ANNAPOLIS, Md. - Some lawmakers in Annapolis hope to join 20 other states and Washington, D.C. to make medical marijuana legal here.
Legislators heard testimony today in the House of Delegates’ Health and Government Operations Committee from families who could benefit from marijuana taken as medicine, but their families suffer because they can't get it in the state where they live.
They say it's not just adults that can benefit.
Gail Rand was in Annapolis Friday to talk with lawmakers about her 4-year-old son Logan. Logan is a vibrant, active boy like many his age. The only difference is he has epilepsy.
“He has 10 to 20 seizure a day,” Rand said. “He's had over 12,000 in his lifetime.”
Rand met with several doctors about Logan's epilepsy. They say marijuana could help. The marijuana used for children uses a very low dose of THC in it.
“I spoke with three doctors here and they recommended marijuana to treat his epilepsy but he can't get it here [because] it's illegal,” she said.
Rand says Logan takes other drugs for the epilepsy, but those have harsher side effects and are less effective. She reached out to families in Colorado who use marijuana in the treatment of their children.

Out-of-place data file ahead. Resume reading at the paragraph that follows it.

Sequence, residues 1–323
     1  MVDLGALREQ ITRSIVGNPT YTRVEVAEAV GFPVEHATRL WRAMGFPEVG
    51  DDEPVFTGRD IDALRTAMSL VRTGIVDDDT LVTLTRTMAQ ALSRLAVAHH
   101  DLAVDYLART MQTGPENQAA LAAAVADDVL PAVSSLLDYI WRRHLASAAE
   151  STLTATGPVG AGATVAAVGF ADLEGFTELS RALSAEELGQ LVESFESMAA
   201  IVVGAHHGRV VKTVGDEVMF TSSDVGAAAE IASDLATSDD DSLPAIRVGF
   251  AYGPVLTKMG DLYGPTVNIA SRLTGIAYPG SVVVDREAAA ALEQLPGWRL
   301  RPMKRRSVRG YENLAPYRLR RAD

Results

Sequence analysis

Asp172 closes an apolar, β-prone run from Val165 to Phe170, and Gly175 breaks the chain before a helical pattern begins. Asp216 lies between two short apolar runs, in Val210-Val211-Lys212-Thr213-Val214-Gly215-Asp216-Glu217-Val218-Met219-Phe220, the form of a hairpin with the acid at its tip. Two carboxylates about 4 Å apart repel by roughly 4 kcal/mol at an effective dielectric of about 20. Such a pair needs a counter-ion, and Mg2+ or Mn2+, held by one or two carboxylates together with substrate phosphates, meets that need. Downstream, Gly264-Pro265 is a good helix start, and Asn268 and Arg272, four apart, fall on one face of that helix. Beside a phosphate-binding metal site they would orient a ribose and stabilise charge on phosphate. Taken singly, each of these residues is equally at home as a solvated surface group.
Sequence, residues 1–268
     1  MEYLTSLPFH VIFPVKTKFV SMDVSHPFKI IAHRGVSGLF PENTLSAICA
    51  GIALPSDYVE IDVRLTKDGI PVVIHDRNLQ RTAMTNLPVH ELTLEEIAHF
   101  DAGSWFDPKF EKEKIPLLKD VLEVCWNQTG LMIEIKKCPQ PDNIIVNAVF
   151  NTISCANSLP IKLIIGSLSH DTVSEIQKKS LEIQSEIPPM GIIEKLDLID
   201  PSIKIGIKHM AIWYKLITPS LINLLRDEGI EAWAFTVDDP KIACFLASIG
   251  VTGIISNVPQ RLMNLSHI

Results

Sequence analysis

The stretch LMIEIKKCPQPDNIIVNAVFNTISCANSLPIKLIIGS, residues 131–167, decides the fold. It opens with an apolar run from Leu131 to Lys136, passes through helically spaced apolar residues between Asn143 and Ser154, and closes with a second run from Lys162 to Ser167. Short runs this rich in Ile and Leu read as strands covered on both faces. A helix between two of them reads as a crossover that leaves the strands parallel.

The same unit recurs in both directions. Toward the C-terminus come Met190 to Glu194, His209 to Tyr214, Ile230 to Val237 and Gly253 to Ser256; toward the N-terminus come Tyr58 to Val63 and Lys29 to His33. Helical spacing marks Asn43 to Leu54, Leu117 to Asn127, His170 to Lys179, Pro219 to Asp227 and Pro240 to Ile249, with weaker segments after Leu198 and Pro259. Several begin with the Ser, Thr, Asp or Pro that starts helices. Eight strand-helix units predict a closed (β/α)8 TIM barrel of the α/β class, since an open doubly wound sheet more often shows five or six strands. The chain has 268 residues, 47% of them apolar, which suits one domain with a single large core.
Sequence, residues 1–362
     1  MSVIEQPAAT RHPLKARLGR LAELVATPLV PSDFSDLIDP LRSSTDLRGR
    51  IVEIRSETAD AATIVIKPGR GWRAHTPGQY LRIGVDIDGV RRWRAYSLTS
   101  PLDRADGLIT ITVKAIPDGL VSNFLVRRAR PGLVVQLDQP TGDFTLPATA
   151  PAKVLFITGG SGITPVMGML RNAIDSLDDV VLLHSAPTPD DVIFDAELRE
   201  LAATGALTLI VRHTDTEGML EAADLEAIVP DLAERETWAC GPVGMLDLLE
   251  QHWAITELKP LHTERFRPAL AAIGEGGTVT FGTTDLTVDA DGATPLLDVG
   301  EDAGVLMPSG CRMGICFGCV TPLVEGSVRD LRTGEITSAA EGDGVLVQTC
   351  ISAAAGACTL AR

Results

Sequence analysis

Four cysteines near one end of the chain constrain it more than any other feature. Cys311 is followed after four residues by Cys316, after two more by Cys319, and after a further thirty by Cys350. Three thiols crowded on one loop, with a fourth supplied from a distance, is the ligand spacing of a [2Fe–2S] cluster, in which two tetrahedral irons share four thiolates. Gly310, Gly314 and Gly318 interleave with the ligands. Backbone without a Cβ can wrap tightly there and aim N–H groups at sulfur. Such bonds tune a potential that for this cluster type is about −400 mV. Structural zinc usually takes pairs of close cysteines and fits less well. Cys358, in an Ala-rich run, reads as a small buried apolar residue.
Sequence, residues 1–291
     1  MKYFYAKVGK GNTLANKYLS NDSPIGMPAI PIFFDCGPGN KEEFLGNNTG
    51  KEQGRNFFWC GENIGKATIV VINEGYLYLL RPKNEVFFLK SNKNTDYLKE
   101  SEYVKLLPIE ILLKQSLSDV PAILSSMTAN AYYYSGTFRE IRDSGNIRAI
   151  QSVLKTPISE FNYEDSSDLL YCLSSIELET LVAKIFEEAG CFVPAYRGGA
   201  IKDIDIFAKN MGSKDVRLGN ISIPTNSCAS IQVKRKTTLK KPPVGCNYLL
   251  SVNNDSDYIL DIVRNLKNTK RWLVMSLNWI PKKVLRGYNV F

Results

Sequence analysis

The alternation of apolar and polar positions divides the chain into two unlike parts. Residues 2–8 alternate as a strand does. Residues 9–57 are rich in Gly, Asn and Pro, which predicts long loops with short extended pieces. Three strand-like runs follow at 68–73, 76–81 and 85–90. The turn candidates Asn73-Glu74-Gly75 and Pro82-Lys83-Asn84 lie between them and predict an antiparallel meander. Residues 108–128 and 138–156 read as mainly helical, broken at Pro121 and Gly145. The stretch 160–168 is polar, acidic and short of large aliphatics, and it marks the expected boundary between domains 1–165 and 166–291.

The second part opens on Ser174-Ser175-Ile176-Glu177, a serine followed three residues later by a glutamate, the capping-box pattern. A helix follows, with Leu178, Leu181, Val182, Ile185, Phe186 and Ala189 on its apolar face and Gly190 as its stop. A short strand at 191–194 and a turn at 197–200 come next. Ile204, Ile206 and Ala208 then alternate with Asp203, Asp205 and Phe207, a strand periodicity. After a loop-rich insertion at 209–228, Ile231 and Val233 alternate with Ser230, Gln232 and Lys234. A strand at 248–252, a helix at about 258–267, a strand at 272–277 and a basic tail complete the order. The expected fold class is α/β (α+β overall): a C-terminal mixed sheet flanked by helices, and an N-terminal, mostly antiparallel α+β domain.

“It doesn't seem fair it's stopping at state lines,” she said.
The hearing room was packed today with parents, children and other adults looking for answers and lawmakers took up an issue that was first debated in Maryland 34 years ago.
The legislation under consideration is a bill that would create clear rules for qualified patients and law enforcement, put in place a strictly regulated production and distribution system and protect patients from discrimination in housing, employment, education, and child custody cases, which has been a systemic problem in states with weaker medical marijuana laws.
Last year, the legislature passed HB 1101, which established a program that would be run by "Academic Medical Centers" to distribute marijuana to patients, in a study program only, but that supporters say that program has not realized any progress to date.
"I will not rest until Maryland establishes a medical marijuana program that would allow those patients who suffer and die needlessly to access the drugs that would give them the quality of life they so much deserve to have", said Del. Cheryl Glenn (D-Baltimore). "Our constituents deserve the same compassion shown in 20 other states, including the District of Columbia, that have up and running medical marijuana programs."